Love, Simon is a good enough title for a teen romantic comedy. Simon vs. the Homo Sapiens Agendawould have been a great title, but I’m glad they changed it. While I haven’t read the book that Greg Berlanti’s film is based on, I think there’s a distinction to be made in terms of tone there. For the purposes of the story as presented on screen, Simon isn’t exactly versus anyone. He’s cool, has fun, supportive friends, and a happy enough home life. Simon, as he tells us via his opening narration, is just like you.
Simon’s secret, of course, is that he’s gay. And it’s here that the title change comes into play. Love, Simon is very much the film’s mission statement as well as title, and everyone involved has put effort into creating realistic, complex characters that are still as screwed up and goofy as any gang of high schoolers in any other mainstream comedy, even borrowing heavily — and weirdly specifically — from the John Hughes and Savage Steve Holland universes (that’s meant as a compliment, more or less). The biggest difference is that we actually care very much what happens to these kids, we feel their pain when they make mistakes, and we cringe when they enact grand melodramatic gestures and are immediately reminded of how ridiculous grand melodramatic gestures usually are.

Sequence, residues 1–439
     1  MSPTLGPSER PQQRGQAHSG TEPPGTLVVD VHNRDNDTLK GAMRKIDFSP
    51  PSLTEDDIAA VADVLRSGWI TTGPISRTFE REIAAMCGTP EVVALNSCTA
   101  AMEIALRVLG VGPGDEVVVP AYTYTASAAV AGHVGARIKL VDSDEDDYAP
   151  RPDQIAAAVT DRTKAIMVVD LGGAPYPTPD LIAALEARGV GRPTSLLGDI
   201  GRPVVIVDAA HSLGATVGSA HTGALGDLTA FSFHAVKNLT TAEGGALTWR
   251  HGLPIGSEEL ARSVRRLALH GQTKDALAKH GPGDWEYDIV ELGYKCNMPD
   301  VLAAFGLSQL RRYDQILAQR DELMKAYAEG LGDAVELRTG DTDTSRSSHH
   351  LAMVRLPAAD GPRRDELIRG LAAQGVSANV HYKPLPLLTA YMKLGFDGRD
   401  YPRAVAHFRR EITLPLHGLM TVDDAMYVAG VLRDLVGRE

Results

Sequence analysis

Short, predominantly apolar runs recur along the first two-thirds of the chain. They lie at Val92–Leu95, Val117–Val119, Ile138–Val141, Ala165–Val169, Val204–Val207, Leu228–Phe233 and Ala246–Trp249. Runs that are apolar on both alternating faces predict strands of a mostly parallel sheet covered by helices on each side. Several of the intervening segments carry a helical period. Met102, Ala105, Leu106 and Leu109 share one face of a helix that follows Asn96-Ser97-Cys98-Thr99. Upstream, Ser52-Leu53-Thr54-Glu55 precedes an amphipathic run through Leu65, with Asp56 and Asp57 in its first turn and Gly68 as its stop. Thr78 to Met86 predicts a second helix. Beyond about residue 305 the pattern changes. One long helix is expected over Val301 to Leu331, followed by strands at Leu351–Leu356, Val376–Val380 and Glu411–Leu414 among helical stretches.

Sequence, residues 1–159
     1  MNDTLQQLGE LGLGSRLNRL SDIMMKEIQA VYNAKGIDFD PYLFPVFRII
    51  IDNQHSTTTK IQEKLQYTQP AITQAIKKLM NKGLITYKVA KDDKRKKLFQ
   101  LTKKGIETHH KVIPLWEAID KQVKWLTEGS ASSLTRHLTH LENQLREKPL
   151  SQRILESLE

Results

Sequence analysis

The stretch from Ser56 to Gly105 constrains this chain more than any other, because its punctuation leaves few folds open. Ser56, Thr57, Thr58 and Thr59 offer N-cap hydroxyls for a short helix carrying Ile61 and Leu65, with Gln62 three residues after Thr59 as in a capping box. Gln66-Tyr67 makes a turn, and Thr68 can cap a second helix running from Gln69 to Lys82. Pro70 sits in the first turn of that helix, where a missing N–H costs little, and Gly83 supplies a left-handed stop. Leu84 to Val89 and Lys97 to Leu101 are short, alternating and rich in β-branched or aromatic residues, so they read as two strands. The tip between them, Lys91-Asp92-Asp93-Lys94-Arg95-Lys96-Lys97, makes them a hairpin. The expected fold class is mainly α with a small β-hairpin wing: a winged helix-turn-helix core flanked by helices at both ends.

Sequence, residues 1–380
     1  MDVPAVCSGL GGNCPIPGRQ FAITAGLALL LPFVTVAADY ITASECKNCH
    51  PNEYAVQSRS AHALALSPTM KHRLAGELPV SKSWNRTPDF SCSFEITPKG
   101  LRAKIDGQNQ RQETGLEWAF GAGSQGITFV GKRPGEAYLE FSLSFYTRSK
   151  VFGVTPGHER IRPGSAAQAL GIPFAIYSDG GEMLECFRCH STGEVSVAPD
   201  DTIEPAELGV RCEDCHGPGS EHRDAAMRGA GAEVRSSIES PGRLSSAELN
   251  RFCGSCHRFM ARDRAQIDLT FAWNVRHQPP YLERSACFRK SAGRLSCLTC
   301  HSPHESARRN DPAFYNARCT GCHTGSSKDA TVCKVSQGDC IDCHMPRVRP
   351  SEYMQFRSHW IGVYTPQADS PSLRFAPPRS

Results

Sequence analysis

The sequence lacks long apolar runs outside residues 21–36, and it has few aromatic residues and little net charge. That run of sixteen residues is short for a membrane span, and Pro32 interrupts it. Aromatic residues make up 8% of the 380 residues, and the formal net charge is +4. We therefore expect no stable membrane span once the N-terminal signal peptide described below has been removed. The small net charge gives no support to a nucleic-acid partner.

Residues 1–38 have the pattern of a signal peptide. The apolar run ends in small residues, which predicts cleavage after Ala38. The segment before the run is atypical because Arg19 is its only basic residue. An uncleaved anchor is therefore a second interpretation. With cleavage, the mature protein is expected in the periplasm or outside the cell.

I usually flash immediately to the opening scenes of Heiner Carow’s great Coming Out whenever I watch a movie like this, just to psych myself up to the darkest possible places a story like this might go. Thankfully, Love, Simon is about as warm and cuddly as they come for being a film about a closeted kid being blackmailed into pawning his new best friend off onto the sleaziest classmate since Jerry Levine and Curtis Armstrong were young enough to semi-convincingly pass as teenagers.
Simon has been secretly emailing and getting to know another closeted classmate. Since they use codenames, they don’t know each other’s true identities. The film has a lot of fun with the guessing game of who might be on the other end of those emails and goes deep with how meaningful — and painful — it can be to get to know someone and fall in love from such a distance that the closer you get, the farther away they feel. It’s strange to see a movie get things like that so right, even more so when it’s tied to an actor just sitting and typing for half the movie.
A lot of credit here goes to Nick Robinson as Simon, who has the confident smirk of a cool kid ready to crack into a million pieces. And Katherine Langford, Alexandra Shipp, Logan Miller and Jorge Lendeborg, as Simon’s closest friends (and Clark Moore as Simon’s openly gay classmate) all do well by a script that could have seemed a little more unwieldy than it is — and it is, a little — turning in convincing, funny and smart performances.
It’s by no means a perfect film. But it has enough heart and positivity — not to mention some brief but welcome righteous anger — to make me wish more teen comedies were half as good as this.